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International Journal of Dentistry
Volume 2015 (2015), Article ID 351231, 10 pages
Research Article

Malocclusion in Elementary School Children in Beirut: Severity and Related Social/Behavioral Factors

1Division of Orthodontics and Dentofacial Orthopedics, Department of Otolaryngology/Head and Neck Surgery, American University of Beirut Medical Center, Beirut, Lebanon
2Department of Epidemiology and Population Health, Faculty of Health Sciences, American University of Beirut, Beirut, Lebanon
3Private Practice, Beirut, Lebanon

Received 7 August 2014; Accepted 26 November 2014

Academic Editor: James K. Hartsfield

Copyright © 2015 Antoine Hanna et al. This is an open access article distributed under the Creative Commons Attribution License, which permits unrestricted use, distribution, and reproduction in any medium, provided the original work is properly cited.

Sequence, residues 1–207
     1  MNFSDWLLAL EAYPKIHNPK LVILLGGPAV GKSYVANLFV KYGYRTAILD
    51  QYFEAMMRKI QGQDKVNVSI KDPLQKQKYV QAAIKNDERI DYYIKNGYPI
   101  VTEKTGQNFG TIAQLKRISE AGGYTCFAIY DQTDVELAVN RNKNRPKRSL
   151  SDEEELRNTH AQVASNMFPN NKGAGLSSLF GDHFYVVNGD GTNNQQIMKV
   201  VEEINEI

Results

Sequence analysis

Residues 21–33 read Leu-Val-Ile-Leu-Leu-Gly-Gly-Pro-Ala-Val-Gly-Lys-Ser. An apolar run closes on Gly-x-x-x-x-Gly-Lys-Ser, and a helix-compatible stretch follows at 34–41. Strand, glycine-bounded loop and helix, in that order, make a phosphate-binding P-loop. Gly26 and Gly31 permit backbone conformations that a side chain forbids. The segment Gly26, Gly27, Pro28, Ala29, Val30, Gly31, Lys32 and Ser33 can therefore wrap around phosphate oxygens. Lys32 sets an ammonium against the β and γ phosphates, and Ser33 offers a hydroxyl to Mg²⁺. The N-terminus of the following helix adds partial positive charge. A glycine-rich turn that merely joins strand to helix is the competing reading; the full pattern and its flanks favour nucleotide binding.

Aim. To assess severity of malocclusion in Lebanese elementary school children and the relationship between components of malocclusion and sociodemographic and behavioral factors. Methods. Dental screening was performed on 655 school children aged 6–11 from 2 public (PB) and 5 private (PV) schools in Beirut. A calibrated examiner recorded occlusion, overjet, overbite, posterior crossbite, midline diastema, and crowding. Another examiner determined the DMFT (Decayed/Missing/Filled Teeth) score. A questionnaire filled by the parents provided data on sociodemographic and behavioral factors. Multinomial, binomial, and multiple linear regressions tested the association of these factors with occlusal indices. Results. Malocclusion was more severe in PB students. Age and sucking habit were associated with various components of malocclusion. Crowding was more prevalent among males and significantly associated with the DMFT score. Income and educational level were significantly higher in PV pupils and deleterious habits were more frequent in PB children. Conclusions. Children of lower socioeconomic background had more severe malocclusions and poorer general dental health. Compared to Western and WHO norms, the findings prompt health policy suggestions to improve dental care of particularly public school children through regular screenings in schools, prevention methods when applicable, and cost effective practices through public and private enabling agencies.